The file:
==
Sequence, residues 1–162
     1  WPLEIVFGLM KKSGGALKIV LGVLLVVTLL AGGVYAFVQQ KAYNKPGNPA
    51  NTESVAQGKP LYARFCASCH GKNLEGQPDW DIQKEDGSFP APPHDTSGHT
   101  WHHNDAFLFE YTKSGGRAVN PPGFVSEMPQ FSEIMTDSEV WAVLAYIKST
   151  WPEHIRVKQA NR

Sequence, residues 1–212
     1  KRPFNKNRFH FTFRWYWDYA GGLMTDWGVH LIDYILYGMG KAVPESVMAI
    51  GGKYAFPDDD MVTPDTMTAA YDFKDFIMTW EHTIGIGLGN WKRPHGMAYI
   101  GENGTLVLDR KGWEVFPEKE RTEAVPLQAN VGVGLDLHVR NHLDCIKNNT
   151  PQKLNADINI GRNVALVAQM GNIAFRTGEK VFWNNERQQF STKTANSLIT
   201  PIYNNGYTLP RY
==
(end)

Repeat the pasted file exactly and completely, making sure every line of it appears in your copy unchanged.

Sequence, residues 1–162
     1  WPLEIVFGLM KKSGGALKIV LGVLLVVTLL AGGVYAFVQQ KAYNKPGNPA
    51  NTESVAQGKP LYARFCASCH GKNLEGQPDW DIQKEDGSFP APPHDTSGHT
   101  WHHNDAFLFE YTKSGGRAVN PPGFVSEMPQ FSEIMTDSEV WAVLAYIKST
   151  WPEHIRVKQA NR

Sequence, residues 1–212
     1  KRPFNKNRFH FTFRWYWDYA GGLMTDWGVH LIDYILYGMG KAVPESVMAI
    51  GGKYAFPDDD MVTPDTMTAA YDFKDFIMTW EHTIGIGLGN WKRPHGMAYI
   101  GENGTLVLDR KGWEVFPEKE RTEAVPLQAN VGVGLDLHVR NHLDCIKNNT
   151  PQKLNADINI GRNVALVAQM GNIAFRTGEK VFWNNERQQF STKTANSLIT
   201  PIYNNGYTLP RY